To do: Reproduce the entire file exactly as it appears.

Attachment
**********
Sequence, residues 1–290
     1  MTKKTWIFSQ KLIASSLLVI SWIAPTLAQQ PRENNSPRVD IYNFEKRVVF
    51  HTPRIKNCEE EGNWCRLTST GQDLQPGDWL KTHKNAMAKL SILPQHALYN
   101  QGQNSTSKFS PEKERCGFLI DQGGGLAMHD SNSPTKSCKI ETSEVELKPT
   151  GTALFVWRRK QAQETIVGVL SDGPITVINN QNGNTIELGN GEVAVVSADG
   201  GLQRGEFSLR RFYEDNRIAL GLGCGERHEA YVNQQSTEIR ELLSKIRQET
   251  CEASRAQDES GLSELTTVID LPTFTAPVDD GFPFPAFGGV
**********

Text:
Sequence, residues 1–290
     1  MTKKTWIFSQ KLIASSLLVI SWIAPTLAQQ PRENNSPRVD IYNFEKRVVF
    51  HTPRIKNCEE EGNWCRLTST GQDLQPGDWL KTHKNAMAKL SILPQHALYN
   101  QGQNSTSKFS PEKERCGFLI DQGGGLAMHD SNSPTKSCKI ETSEVELKPT
   151  GTALFVWRRK QAQETIVGVL SDGPITVINN QNGNTIELGN GEVAVVSADG
   201  GLQRGEFSLR RFYEDNRIAL GLGCGERHEA YVNQQSTEIR ELLSKIRQET
   251  CEASRAQDES GLSELTTVID LPTFTAPVDD GFPFPAFGGV